Review for “Into the Forest” by Jean Hegland (1998)
Rating: 4 out of 5 stars
This is a beautiful book. I haven’t seen the movie yet with Evan Rachel Wood and Ellen Page, but I know I’ll have to, because this one is full of Win, folks.
Into the Forest is the story of two teenaged sisters, Nell and Eva, who live in a house with their parents on a large plot of land deep in the redwood forests of California. They are several miles from their nearest neighbor, and 30 miles from the closest town. The sisters live an idyllic, sheltered existence–both are home schooled and allowed to explore the forest as they please. Eva practices ballet dancing, while Nell retreats into a world of books, hoping to get into Harvard.
Eventually, things begin to change. The power goes out, along with family’s phone and all other methods of communication. Gas and food become scarce. Stores and banks close. Mail delivery stops. People in town begin dying of illnesses, and antibiotics are ineffective. There are rumors of war and riots in the larger cities, and rumors, rumors of danger everywhere. The exact reason for society’s collapse is never completely explained, but the story arc of what’s happening around this family is certainly compelling, as I found myself over and over thinking: wow, this really could happen. Although we’re told these events are taking place in a ‘not so distant future,’ I couldn’t shake the feeling like all of this could happen tomorrow, and all it would take is a large-scale power grid collapse. It’s the perfect post-apocalyptic scenario, but with a non post-apocalyptic feel. Now the nerd in me would have enjoyed a little more info about the means to the world’s end, but this family was already isolated before all the bad stuff happened anyway. With this, you skip a lot of the post-apocalyptic hubbub and get more of a family drama, along with the brilliantly complicated relationship of these two sisters.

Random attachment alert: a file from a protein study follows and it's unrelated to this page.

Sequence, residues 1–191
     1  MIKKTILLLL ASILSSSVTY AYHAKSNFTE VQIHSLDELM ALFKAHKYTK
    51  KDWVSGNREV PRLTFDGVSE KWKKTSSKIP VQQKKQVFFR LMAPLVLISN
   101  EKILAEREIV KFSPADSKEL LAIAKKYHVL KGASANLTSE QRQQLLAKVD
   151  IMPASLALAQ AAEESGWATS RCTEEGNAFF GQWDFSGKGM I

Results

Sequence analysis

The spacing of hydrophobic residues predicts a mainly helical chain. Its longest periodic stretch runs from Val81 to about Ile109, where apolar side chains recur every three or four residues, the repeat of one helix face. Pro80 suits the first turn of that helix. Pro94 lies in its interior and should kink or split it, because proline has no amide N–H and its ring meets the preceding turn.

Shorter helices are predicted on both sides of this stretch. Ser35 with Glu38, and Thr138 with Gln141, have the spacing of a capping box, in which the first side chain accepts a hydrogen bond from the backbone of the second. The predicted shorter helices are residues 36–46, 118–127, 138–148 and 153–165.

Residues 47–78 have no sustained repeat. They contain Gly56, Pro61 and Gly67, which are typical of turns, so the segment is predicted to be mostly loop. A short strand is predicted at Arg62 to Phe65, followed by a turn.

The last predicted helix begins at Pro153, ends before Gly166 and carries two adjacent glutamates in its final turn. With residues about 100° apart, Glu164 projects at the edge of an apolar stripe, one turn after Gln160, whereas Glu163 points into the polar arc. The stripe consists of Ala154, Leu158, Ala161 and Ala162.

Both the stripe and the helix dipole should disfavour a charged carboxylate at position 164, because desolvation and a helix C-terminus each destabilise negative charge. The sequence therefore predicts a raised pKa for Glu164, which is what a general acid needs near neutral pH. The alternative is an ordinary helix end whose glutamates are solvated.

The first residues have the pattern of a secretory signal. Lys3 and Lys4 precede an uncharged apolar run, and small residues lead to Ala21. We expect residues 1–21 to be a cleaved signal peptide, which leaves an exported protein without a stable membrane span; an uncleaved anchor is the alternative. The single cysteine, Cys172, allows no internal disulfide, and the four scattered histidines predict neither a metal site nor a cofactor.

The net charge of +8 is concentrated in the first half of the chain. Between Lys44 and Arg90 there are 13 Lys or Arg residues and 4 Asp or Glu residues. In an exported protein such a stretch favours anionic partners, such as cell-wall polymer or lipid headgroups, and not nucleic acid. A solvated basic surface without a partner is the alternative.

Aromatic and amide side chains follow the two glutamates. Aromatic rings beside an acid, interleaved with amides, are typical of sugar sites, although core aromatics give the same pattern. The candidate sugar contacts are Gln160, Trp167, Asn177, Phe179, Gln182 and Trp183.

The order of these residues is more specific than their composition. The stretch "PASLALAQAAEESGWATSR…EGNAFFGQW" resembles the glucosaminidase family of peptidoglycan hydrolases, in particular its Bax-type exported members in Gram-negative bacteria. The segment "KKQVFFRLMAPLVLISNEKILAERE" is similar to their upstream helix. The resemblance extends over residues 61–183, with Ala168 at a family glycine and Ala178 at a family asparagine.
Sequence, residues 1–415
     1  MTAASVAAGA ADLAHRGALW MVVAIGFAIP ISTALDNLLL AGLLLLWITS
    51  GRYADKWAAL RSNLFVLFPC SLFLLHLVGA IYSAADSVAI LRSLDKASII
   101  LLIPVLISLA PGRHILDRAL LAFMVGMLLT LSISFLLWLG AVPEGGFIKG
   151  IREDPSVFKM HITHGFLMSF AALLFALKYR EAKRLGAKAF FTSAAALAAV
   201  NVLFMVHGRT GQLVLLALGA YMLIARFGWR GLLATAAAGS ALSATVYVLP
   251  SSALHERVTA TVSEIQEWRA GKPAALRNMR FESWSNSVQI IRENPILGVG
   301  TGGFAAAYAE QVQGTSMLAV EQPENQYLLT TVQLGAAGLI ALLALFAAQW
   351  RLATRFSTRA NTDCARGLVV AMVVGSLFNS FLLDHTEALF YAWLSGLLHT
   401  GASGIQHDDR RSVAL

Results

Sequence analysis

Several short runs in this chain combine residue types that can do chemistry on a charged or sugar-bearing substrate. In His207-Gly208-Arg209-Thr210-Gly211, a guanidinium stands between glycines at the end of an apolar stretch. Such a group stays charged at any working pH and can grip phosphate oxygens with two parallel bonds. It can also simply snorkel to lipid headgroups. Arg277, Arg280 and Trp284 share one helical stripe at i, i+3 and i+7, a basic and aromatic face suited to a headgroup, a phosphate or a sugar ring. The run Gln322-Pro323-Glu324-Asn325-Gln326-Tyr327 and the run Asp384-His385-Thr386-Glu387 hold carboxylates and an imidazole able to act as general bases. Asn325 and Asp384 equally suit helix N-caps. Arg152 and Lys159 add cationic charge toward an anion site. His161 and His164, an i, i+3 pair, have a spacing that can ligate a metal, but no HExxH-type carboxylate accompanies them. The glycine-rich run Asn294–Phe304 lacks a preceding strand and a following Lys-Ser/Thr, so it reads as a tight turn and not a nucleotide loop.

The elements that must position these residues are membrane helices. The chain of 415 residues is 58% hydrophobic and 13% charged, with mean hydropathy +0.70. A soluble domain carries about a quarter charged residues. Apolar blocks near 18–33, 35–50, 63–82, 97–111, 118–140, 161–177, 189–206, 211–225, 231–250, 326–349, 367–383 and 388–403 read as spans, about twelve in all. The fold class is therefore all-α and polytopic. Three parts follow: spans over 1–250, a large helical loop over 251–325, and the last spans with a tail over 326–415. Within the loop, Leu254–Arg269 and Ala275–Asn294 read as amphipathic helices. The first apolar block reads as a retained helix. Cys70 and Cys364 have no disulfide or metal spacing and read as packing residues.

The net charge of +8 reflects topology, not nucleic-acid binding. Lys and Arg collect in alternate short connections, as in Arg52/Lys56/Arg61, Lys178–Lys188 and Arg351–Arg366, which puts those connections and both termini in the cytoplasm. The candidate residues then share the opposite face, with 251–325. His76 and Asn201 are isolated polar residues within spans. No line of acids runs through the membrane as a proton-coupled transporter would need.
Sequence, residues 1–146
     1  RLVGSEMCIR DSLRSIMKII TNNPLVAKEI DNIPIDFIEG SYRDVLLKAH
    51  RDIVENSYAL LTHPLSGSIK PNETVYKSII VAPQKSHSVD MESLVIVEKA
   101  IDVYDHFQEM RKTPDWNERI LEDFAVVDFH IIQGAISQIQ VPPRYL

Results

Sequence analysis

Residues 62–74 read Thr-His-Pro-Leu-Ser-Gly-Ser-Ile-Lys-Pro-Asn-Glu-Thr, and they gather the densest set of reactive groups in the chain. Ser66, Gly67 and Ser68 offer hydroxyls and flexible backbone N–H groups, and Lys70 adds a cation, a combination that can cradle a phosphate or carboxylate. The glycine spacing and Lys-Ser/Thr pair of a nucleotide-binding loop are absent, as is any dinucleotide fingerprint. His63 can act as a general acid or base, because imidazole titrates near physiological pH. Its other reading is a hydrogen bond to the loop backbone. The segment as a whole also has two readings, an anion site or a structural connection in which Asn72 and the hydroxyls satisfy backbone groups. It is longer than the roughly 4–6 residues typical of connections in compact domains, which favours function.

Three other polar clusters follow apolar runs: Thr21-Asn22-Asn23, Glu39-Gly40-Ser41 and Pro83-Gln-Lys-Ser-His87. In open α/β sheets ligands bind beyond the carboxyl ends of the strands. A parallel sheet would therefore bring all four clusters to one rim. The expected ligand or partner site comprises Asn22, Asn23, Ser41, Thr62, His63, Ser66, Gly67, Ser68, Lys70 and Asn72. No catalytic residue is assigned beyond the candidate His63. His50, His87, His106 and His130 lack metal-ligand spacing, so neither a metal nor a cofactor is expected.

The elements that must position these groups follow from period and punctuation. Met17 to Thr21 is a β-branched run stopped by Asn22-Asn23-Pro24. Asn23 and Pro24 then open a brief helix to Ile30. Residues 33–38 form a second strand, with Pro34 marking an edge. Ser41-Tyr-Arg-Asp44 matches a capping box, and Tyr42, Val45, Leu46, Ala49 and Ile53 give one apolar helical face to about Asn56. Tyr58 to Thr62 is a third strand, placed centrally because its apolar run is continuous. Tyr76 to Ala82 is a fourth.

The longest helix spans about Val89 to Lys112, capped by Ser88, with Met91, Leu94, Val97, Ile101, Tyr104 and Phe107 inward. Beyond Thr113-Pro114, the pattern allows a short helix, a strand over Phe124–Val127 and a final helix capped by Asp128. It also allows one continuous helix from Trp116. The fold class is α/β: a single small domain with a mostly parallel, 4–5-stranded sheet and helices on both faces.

Some time after the outage, both of the girls’ parents die and the sisters are left to fend for themselves in their forest home. This section of the book is what made it 4 instead of 5 stars for me. There are a lot of technical details about plants and animals and gardening that honestly did not hold my attention, and I found myself skipping page after page. I completely understand the author’s need to make the story believable, as well as set up the narrative of how the girls survived with limited resources…but multiple paragraphs on squash harvesting and how to hunt and skin a wild boar? Umm, no thanks. But if I’m ever stuck in a redwood forest with nothing to eat, I’ll reach for this book…
Overall, I love how lyrical this book was. I never lost the imagery of a lush, green forest with huge trees and two girls going at it alone. The story is told by Nell through a journal and there are no chapter breaks, but I didn’t care. I wasn’t bothered by the open ending either. There was one scene that was kinda icky, but I’ll let it go for now. Hopefully it won’t be in the movie. Hopefully.
If you’re going to see the movie, please read this book. If you’re not going to see the movie, read this book anyway. Now if you’ll excuse me while I binge watch episodes of Doomsday Preppers…